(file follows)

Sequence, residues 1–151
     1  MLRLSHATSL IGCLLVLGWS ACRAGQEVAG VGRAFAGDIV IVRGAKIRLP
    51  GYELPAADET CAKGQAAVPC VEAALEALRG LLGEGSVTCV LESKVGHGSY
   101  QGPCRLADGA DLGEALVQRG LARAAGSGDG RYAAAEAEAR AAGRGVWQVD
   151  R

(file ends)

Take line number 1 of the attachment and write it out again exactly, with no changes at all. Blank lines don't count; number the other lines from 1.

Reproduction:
Sequence, residues 1–151